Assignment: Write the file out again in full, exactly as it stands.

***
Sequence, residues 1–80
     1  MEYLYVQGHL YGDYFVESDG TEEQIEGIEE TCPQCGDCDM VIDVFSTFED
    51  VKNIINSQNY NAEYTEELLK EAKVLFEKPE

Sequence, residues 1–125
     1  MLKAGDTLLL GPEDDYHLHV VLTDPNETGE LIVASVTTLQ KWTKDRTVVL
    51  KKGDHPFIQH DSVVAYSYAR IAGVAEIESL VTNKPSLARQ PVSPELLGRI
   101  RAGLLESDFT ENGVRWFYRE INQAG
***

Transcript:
Sequence, residues 1–80
     1  MEYLYVQGHL YGDYFVESDG TEEQIEGIEE TCPQCGDCDM VIDVFSTFED
    51  VKNIINSQNY NAEYTEELLK EAKVLFEKPE

Sequence, residues 1–125
     1  MLKAGDTLLL GPEDDYHLHV VLTDPNETGE LIVASVTTLQ KWTKDRTVVL
    51  KKGDHPFIQH DSVVAYSYAR IAGVAEIESL VTNKPSLARQ PVSPELLGRI
   101  RAGLLESDFT ENGVRWFYRE INQAG